I watched the Aston Villa game on my computer, paying the one-off charge of £9.99. Wasn’t it £7.99 last season? I practiced that I had got the log in details correct a couple of times during the day and sure enough , there I was sat before my computer at 8.00pm, having skipped the hour of the load of bollocks pundits.
There can be no comparison between watching a game on TV or computer and watching it from the stands. I can’t put my finger on it, but it might be the same as watching pornography or engaging in the act yourself.
Also, when watching the game on TV, my mind begins to wander. How do you pronounce Haller? If it’s French, you would definitely drop the H. Then, is it Aller or Allere? I looked up his Wiki entry, which shows you how to pronounce the name but it’s written in Klingon (try it yourself). It took me weeks to learn that you pronounced Payet with a T, because that’s how they pronounced it on Reunion. This is going to keep me up at nights.
What was going on in the game? Wow, it looked like the West Ham side had finally learnt how to pass the ball. Could there be a new found confidence in the side? We beat Norwich, Norwich beat Man City, so that makes us the best team in Europe.
Rice also seemed to have regained his touch. I was getting a bit worried about him. It would seem once a player starts to dream of greener pastures, their game goes downhill. I was beginning to think, if Man U offered £90 million, we should grab it.
OK, back to Heller. I’m going to try and transcribe the phonetic language. The H is definitely not pronounced. The e is pronounced like the e in best. But, the final r is a guttural r , roughly like the ch in loch, or it might be like the r in the french word ‘regarder’, in which case you roll it. So, it’s Allerrrrrrrrr, or Allech. Oh, why couldn’t we buy a player like Wojciech Szczesny, whose name you can pronounce straight off?
Back to the computer. Here we go again with the West Ham speciality, the old one two free kick. It must be absolutely brilliant on the training ground. It’s definitely going to be better against Aston Villa, because Snodgrass isn’t involved. There a saying which goes,’ If at first you don’t succeed, try, try again.’ The West Ham version is,’If at first you don’t succeed, try, try , try, try, try, try, try, try, try…………………..
I suffer from Tony Gale syndrome. I was there when he was red carded in 1991 in the seventh minute and essentially, the ref ruined the game. This couldn’t possibly happen with Mike Dean, who has only ever given a few red cards in his career, just over 100. Next down the list is Phil Dowd on 67. But that tackle by Masuaku was brutal, He definitely should have a nine game ban for that offence, which seem to involve touching the opponent’s shirt and spoiling the crease. Or perhaps it’s time to bring Dean’s career to an end and get a new ref who doesn’t need to go to Specsavers.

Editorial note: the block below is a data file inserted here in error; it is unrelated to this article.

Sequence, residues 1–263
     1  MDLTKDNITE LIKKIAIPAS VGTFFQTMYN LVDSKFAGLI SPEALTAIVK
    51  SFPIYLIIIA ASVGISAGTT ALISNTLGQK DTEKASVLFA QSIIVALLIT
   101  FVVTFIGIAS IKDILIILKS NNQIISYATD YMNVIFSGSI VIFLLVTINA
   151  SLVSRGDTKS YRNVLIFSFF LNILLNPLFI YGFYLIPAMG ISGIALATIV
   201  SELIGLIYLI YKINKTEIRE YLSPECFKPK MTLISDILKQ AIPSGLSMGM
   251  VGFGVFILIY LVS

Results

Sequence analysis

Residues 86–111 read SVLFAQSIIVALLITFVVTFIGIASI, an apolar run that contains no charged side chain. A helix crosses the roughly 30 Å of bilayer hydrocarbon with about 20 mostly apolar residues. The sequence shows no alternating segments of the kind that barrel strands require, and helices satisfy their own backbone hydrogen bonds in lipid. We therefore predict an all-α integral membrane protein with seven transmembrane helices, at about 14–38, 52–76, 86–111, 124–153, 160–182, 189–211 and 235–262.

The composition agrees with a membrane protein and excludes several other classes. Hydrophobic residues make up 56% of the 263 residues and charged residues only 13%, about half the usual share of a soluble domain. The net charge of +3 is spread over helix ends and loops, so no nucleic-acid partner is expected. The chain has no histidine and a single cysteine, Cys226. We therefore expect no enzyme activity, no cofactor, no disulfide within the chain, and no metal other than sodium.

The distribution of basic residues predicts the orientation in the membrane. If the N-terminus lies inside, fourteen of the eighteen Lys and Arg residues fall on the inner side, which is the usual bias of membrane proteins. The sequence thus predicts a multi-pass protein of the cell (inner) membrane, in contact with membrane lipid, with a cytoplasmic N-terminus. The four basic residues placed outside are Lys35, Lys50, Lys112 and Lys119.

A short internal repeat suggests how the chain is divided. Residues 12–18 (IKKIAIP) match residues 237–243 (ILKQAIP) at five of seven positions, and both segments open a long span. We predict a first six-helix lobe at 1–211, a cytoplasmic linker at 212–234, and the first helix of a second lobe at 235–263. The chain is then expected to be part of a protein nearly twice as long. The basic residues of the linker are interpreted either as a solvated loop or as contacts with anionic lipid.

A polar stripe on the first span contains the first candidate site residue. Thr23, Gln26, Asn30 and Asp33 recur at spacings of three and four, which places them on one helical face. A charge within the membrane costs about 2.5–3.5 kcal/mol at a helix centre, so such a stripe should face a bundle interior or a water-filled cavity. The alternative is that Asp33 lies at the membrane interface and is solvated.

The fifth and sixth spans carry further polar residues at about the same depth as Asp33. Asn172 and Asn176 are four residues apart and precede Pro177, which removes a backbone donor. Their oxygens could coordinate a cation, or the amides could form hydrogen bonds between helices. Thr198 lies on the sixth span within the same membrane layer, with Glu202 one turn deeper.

Wait a minute, this was after I thought Dean was going for new record, red carding an Aston Villas player for head butting his teammate.
So, on we go to the game against Man U. We just have to remember, you can’t win a game if you don’t get a shot on goal.
With exhibition season in full swing, now, I have very little spare time, so it’s another short article from me this week.
Last night’s game started off very promisingly with the boys dominating in territorial and possession terms. Right from the word go, however, I was extremely impressed with Felipe Anderson’s work rate. When he first arrived expectation on the Brazilian was set very high but not so much in terms of his tracking back. This season he seems to be adding a superb work rate to his attacking qualities which is mirrored throughout the rest of the attacking personnel.
When in full flight ‘Peepay’ , as his younger sister, Juliana, used to call him, is an impressive sight. It’s not just his pace that excites but his ghosting runs that are such a spectacle. There’s a buzz of anticipation when he carries the ball at our opponents but he’s also got that silky, jinking elegance that the likes of Trevor Brooking and Alan Devonshire used to possess that helps make this team so entertaining and such a joy to watch. As well as these offensive skills Anderson is bringing a strong work ethic to his game and is becoming a more complete player as a result. Several times last night he was supporting Mas, or Zabba, winning the ball or closing down to deny Villa space – even winning the ball on occasion.